olive garden nepb receipt

Each of my experiences have gotten progressively weirder. I’m not really sure what the promotion costs in reality, despite scrutinizing the receipt. Small print on the website threatens the usual higher prices may apply in NYC garbage, but the base price appears to be $9.99 like anywhere else. As in previous jaunts, if you live in NYC the only clue that this deal exists may be if you catch a commercial on TV. There are no menu inserts or advertisements, no lent cheat sheet as in years past, just a quick verbal description with no prices given.

I suppose one could follow Olive Garden’s millennial-baiting Twitter account for NEPB alerts. Weird Corporate Twitter has become the social media standard. The newish website is designed in that tiled Pinterest style with links to things young people care about like “culinary innovation” and “nutrition,” the redesigned logo curling like reassuring text on the packaging of an eco-friendly feminine hygiene product.

The thing is, the restaurant had no wifi, which won’t do for its intended demographic. I couldn’t even get a signal on my own, and I desperately wanted to Instagram the shit out of my progressing bowls (and ultimately typed bowel later while hastily trying to upload a picture before Gone Girl started because my biggest fear is becoming a during-movie texter, followed by an on-plane barefooter) and ping the brand for attention, but obviously no hashtags were displayed on signage because this NEPB is a stealth campaign of the highest order.

And the plan worked. Not a single diner in the eerie side room that was initially uninhabited, neither the young boy with a father who only ate a bowl of soup, the obvious tourist family of four, the solo lady who gave me faith, nor the girls’ night out crew, was partaking in the deal, and not out of any sense of dignity, I like to believe.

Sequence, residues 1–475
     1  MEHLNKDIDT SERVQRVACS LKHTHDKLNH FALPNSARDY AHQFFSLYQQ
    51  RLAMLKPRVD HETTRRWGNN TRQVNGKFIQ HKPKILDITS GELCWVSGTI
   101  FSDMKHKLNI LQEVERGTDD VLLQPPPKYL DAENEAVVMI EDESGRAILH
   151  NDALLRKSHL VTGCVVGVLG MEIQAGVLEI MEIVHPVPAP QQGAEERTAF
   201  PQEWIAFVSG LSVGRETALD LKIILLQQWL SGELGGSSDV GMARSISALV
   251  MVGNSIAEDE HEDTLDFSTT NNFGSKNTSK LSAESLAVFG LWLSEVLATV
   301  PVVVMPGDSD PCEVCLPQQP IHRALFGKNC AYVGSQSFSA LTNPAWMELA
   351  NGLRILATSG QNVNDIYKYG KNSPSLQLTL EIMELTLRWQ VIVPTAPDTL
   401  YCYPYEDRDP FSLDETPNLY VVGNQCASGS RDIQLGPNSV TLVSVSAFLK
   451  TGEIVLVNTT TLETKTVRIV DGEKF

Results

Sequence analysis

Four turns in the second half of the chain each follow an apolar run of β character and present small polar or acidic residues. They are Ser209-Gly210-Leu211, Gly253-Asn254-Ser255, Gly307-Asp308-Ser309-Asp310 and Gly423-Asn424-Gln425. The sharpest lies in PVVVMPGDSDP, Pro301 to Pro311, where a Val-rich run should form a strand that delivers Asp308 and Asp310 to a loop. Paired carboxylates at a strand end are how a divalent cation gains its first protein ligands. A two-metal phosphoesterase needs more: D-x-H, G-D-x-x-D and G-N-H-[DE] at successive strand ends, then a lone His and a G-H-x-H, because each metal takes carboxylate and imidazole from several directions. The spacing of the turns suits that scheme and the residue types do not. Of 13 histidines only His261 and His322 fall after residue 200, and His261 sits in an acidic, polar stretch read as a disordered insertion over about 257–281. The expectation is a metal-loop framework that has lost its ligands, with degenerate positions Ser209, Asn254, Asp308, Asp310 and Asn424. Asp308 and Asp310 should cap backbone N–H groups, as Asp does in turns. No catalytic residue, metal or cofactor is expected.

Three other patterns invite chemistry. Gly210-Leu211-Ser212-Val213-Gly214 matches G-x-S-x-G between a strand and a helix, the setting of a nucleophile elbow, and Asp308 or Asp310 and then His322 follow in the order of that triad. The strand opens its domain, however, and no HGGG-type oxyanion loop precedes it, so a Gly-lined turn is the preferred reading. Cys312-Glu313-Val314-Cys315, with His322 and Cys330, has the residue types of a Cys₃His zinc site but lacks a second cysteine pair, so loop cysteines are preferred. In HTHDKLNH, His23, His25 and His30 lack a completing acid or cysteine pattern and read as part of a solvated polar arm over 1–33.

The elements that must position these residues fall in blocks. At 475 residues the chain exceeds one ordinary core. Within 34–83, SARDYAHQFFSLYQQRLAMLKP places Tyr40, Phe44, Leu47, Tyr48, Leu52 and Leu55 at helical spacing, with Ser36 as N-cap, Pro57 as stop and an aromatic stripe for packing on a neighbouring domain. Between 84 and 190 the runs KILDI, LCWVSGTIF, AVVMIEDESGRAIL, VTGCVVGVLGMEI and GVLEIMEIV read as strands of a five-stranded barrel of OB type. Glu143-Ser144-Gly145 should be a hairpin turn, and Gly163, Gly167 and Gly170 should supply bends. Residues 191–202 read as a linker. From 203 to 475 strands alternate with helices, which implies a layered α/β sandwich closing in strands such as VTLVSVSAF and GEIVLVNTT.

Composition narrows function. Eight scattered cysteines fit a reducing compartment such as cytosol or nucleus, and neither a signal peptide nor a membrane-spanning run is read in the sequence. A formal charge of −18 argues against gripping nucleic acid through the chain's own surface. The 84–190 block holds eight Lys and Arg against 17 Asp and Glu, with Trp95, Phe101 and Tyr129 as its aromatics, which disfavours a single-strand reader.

Olive Garden finally convinced me to spring for an extra topping because for the first time in history it wasn’t all sausage or meatballs, but also shrimp fritta a.k.a. breaded, fried shrimp ($4.99 surcharge). Every year two new sauces are introduced, and for 2014 that would be Spicy Three Meat (anyone’s guess which three) and Roasted Mushroom Alfredo, which I only know because of the very informative website. These too, come at a price in select locations. Maybe a dollar in Chelsea? Maybe someone would tell you if you asked? I’m not convinced anyone would know.

olive garden nevereding pasta bowl roasted mushroom alfredo

Cream sauce, penne and fried seafood? Yes, one bowl is plenty.

olive garden nevereding pasta bowl spicy three meat sauce

Bowl two is the size bowl one should probably be but would break the convivial spirit of NEPB. Scale is hard to parse–this meat sundae is roughly the serving of one generous scoop of ice cream.

olive garden black tie mousse cake